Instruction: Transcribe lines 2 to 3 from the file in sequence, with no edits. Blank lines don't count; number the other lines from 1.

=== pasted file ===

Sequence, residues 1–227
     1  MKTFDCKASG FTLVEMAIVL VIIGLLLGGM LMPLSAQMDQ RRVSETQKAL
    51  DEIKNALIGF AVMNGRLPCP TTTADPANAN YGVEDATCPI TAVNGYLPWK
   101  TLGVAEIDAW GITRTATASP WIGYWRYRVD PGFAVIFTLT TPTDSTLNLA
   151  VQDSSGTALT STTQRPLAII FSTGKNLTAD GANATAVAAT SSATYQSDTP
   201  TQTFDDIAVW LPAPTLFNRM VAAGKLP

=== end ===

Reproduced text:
     1  MKTFDCKASG FTLVEMAIVL VIIGLLLGGM LMPLSAQMDQ RRVSETQKAL
    51  DEIKNALIGF AVMNGRLPCP TTTADPANAN YGVEDATCPI TAVNGYLPWK